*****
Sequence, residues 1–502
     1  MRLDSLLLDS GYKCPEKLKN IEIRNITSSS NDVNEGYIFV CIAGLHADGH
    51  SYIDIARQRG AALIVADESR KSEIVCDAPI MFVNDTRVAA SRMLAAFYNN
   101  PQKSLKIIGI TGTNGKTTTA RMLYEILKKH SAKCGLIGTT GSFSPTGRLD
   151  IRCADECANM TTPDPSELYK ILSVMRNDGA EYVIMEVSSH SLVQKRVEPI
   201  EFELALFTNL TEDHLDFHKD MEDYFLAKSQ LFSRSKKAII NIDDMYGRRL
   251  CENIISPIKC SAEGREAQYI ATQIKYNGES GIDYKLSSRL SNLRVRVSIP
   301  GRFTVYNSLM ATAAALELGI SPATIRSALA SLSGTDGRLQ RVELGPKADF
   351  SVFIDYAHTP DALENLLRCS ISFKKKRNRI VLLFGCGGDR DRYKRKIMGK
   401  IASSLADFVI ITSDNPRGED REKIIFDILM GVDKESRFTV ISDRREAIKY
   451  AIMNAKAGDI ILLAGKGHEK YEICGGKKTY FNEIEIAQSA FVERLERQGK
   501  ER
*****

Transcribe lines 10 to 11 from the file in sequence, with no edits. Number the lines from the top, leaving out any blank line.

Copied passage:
   401  IASSLADFVI ITSDNPRGED REKIIFDILM GVDKESRFTV ISDRREAIKY
   451  AIMNAKAGDI ILLAGKGHEK YEICGGKKTY FNEIEIAQSA FVERLERQGK